Tensions rise as Orange march plea snubbed

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Senior Orangemen in Portadown have rejected calls to re-route tomorrow's march away from a nationalist area as the province braces itself for a weekend of tension and potential violence.

Orange sources in the town poured scorn on an appeal by Orange Grandmaster Robert Saulters not to parade along the predominantly nationalist Garvaghy Road. One said: "To say we are antagonistic to that view is an understatement."

Later Mr Saulters, who has no formal say in the decision on marching, changed direction by conceding that the "no parade" option would be unacceptable following remarks earlier in the week by the Irish premier, Bertie Ahern, in which he opposed forcing the parade through.

Mo Mowlam, Secretary, of State for Northern Ireland, last night appealed to Portadown Orangemen to listen to the "voices of reason". Speaking at Stormont Castle, she said: "I recognise the tensions in both communities are increasing and people in both communities are in need of reassurance.

"Let me say very clearly that no decision has yet been taken, we are continuing our efforts to find an accommodation that both communities can live with. For the good of everyone and for the sake of peace in the next few weeks I urge those in the Portadown Orange Order to listen to those voices of reason."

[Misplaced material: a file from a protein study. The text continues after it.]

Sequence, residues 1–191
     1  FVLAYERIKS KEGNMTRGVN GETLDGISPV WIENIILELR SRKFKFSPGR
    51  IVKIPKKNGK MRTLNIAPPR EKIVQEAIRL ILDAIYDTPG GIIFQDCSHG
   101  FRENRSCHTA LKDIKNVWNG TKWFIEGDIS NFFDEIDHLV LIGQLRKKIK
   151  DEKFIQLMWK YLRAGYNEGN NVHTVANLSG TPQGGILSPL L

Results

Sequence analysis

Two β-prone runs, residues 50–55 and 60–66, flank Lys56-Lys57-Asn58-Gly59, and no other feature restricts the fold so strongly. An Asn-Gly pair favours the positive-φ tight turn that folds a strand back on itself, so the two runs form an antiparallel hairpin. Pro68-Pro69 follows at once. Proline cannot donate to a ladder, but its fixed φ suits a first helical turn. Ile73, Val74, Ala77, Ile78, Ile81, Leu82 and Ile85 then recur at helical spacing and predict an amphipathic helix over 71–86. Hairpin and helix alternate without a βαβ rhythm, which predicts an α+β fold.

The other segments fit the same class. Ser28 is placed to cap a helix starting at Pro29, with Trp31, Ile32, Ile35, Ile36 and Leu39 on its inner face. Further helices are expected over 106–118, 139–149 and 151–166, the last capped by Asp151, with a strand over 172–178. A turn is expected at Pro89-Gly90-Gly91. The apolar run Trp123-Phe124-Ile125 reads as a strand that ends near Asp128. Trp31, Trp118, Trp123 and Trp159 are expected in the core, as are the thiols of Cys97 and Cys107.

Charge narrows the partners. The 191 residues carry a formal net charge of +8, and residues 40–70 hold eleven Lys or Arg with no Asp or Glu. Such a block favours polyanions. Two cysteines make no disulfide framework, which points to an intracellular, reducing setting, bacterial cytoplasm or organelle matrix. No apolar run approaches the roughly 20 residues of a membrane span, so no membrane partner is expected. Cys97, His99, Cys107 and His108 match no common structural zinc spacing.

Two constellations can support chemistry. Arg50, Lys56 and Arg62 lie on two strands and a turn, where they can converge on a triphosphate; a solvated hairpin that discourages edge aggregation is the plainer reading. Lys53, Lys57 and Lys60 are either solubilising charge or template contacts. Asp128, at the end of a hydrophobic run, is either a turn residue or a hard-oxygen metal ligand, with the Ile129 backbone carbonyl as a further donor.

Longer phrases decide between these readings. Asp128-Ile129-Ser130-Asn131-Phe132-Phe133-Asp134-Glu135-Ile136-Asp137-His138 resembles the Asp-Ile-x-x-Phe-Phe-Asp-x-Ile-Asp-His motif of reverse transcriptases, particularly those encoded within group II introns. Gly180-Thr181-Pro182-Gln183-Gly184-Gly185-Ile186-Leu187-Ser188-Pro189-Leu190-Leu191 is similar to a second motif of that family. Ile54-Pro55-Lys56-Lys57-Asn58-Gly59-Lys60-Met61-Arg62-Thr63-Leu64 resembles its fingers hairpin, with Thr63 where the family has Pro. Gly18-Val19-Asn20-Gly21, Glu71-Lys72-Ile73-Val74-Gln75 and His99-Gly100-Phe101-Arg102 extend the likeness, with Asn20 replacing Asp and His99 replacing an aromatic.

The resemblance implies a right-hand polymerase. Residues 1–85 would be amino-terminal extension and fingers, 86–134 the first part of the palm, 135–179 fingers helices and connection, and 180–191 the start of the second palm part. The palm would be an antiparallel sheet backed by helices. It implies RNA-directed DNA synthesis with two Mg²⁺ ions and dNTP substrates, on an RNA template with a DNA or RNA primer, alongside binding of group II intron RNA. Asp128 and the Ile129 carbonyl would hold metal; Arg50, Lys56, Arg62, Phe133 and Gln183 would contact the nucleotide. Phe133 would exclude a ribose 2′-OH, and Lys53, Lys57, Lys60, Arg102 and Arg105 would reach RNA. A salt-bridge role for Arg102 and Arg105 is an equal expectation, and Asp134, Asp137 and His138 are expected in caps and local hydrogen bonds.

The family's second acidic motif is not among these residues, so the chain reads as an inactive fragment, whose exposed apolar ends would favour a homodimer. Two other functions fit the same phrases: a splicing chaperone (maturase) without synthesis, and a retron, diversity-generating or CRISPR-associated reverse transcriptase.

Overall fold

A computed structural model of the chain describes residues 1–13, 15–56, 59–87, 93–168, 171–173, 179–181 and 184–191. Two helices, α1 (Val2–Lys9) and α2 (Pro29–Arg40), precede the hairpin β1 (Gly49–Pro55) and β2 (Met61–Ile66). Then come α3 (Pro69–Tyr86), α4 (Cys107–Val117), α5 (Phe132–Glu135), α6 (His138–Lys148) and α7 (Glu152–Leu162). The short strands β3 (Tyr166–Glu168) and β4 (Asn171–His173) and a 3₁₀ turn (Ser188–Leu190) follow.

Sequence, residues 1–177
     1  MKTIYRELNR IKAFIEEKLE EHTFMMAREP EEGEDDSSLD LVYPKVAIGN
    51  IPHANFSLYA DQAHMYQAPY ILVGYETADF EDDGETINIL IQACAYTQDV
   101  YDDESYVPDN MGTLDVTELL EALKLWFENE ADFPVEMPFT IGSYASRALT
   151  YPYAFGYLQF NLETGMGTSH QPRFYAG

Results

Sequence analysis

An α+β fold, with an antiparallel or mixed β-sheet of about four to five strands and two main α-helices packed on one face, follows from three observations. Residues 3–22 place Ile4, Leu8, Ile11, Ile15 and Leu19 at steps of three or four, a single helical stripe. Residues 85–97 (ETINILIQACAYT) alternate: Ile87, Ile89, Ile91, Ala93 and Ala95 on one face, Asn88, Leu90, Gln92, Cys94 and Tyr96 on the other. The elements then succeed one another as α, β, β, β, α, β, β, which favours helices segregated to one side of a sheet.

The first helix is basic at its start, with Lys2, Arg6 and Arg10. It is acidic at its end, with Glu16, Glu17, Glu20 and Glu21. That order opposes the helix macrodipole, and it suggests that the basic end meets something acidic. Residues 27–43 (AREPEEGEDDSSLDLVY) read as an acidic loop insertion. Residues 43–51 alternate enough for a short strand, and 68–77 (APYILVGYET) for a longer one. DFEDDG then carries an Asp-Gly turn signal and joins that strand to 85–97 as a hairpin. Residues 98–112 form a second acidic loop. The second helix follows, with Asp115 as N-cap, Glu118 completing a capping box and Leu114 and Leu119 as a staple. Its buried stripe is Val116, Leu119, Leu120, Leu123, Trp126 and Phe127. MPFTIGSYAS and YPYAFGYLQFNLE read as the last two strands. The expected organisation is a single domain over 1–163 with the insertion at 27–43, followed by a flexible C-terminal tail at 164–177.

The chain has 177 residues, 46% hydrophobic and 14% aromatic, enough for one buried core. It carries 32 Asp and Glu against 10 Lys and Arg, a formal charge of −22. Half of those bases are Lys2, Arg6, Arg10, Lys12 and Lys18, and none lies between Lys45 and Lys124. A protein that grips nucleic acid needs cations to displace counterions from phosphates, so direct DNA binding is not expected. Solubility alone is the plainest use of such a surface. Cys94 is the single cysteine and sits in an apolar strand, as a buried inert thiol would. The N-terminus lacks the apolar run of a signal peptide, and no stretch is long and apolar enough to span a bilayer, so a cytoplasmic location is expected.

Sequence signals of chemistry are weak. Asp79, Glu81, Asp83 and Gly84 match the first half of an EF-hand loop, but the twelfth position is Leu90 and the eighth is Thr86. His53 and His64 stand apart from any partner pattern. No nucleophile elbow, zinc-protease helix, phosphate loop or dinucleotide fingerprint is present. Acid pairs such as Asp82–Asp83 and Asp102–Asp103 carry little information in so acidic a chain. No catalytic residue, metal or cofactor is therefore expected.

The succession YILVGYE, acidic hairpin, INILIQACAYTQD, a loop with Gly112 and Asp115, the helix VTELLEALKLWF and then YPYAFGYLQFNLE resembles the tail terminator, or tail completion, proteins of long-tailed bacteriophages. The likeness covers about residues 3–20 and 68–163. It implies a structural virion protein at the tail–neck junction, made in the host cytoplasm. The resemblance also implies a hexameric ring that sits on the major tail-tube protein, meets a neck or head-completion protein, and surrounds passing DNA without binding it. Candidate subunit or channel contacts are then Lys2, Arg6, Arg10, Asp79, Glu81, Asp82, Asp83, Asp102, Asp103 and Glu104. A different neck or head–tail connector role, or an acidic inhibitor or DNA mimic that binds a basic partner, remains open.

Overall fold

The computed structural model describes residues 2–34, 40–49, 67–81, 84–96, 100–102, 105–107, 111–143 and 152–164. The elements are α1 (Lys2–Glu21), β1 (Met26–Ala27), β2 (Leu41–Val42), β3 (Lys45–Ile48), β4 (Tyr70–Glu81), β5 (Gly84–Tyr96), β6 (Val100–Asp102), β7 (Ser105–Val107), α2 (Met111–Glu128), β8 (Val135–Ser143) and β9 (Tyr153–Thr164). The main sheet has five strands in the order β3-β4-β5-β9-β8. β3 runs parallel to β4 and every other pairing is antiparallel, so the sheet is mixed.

A spokesman for the Northern Ireland Office, meanwhile, insisted that the Secretary of State had not given up hope of a settlement. Yesterday morning, she met leaders of the Orange Order from County Armagh, and was thought to be in contact with representatives from the Garvaghy Road.

On Thursday evening, she held lengthy talks on security contingency plans with the Royal Ulster Constabulary Chief Constable, Ronnie Flanagan, and Lt-Gen Sir Rupert Smith, head of the Army in the province.

If, as many expect, the last-minute attempts to find an accommodation fail, then Ms Mowlam and Mr Flanagan will today announce their decision on whether to ban the contentious part of the annual parade. Late last night, there was a growing feeling among nationalists that Ms Mowlam could well respond to pressure from the Irish government to ban the parade. This would keep Dublin on board in any future peace talks and avoid a repetition of the disastrous scenes of last year when Orangemen brought the province to a standstill during a five-day stand-off at Drumcree.

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